L1 stands for first language - ie the language that a speaker acquired naturally as a child. This is also often referred to as the speaker's mother tongue. Both these terms are open to criticism as a) in a bilingual situation, someone may acquire more than one language as a child and therefore have more than one L1; the first language may not be acquired from the speaker's "mother" but from the father or other carer, or from the society as a whole.
However, those caveats accepted, the concept of L1 contrasts with that of L2 - any second (or further) language which is not acquired by natural exposure during childhood, but which the person learns/acquires at a later stage.
The term second language is, however, sometimes used contrastively with the term foreign language. Used in this way :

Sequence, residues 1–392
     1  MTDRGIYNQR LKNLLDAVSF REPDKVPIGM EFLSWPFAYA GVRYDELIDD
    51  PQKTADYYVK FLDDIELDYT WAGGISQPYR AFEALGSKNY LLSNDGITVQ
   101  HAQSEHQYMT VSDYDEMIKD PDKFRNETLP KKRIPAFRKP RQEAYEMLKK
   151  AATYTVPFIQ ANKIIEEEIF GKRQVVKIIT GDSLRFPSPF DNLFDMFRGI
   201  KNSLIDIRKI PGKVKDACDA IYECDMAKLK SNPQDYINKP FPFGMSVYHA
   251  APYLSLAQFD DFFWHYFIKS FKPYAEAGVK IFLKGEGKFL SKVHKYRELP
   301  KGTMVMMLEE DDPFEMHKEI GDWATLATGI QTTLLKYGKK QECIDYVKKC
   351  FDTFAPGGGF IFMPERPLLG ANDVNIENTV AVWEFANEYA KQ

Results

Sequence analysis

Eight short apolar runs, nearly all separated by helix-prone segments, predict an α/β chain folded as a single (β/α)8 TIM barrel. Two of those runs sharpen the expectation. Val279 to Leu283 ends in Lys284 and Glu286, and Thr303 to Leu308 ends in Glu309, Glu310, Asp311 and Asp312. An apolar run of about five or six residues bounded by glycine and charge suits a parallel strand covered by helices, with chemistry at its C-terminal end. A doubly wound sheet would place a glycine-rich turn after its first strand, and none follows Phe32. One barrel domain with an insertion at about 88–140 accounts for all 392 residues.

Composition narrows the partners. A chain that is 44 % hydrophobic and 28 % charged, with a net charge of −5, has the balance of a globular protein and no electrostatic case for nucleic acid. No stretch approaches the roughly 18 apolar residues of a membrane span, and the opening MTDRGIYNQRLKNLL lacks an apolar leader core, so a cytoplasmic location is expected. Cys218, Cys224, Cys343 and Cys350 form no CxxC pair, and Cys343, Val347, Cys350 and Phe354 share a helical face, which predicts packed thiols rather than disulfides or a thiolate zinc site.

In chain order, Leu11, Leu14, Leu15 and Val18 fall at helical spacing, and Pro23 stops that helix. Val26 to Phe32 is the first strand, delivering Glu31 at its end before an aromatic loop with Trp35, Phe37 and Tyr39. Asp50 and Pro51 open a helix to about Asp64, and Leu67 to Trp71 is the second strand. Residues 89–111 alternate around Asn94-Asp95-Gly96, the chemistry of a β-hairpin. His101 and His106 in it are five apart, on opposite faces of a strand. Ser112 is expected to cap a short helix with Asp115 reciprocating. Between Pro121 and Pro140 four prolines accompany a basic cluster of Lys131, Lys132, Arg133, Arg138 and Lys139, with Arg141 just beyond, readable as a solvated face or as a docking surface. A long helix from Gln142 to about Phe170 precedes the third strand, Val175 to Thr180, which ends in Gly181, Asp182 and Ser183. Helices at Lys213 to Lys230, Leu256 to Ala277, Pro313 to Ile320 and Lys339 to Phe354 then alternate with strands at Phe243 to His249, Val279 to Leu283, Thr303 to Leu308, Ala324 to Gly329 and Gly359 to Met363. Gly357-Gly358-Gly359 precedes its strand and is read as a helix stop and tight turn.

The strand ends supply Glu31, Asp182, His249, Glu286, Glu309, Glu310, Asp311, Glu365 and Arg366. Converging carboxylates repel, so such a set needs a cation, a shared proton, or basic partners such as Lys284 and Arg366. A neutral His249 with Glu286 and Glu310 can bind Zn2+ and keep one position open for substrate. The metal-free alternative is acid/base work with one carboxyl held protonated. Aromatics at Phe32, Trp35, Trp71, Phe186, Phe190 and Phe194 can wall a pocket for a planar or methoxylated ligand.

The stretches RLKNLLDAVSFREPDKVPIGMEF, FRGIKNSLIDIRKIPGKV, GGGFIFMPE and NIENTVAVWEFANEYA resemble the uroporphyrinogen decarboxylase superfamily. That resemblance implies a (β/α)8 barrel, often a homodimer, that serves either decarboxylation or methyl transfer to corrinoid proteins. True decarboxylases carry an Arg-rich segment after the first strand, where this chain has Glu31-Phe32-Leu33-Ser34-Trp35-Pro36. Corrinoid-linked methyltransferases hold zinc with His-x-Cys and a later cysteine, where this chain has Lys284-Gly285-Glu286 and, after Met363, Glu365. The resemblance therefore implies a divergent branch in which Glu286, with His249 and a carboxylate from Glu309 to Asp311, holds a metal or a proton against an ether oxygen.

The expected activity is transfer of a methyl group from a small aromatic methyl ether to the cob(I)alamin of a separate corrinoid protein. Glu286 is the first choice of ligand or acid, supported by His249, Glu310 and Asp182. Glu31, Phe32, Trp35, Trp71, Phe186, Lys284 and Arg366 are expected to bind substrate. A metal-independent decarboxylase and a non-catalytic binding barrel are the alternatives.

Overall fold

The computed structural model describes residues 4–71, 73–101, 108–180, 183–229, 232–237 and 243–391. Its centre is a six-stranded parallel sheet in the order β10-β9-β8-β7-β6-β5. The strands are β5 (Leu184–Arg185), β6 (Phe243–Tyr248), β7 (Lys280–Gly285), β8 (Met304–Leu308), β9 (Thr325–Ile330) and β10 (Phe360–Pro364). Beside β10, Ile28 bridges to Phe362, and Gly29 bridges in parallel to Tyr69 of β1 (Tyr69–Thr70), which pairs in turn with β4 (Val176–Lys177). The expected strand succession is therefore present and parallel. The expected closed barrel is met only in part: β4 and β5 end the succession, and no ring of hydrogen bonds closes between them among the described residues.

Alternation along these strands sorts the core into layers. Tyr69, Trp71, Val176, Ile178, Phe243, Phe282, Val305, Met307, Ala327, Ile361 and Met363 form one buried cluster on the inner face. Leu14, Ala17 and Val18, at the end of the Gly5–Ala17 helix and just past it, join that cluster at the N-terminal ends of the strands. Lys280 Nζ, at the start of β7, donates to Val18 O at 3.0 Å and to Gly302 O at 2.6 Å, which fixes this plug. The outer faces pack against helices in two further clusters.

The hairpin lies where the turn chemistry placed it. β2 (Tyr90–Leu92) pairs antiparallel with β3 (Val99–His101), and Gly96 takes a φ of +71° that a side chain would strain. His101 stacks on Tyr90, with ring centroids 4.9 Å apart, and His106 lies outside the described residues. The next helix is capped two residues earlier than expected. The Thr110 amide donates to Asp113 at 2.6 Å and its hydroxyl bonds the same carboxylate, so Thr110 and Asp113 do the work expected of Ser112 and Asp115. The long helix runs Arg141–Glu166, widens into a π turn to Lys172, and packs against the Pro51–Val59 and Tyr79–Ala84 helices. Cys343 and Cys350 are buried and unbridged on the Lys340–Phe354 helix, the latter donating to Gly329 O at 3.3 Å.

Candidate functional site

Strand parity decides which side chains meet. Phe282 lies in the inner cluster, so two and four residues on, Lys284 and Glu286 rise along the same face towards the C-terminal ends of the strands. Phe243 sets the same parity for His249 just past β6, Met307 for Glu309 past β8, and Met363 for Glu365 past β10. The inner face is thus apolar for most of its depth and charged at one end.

- second language = a language which the person acquires/learns for use within the community in which they are living. For example, immigrants to the UK might need to learn English as a Second Language.
- foreign language = a language learnt for purposes unrelated to the community in which the learner lives. Eg an Italian learner may study English as a Foreign Language as an academic subject at school or, if s/he then goes into business, use it as a means of communication with non-Italian clients.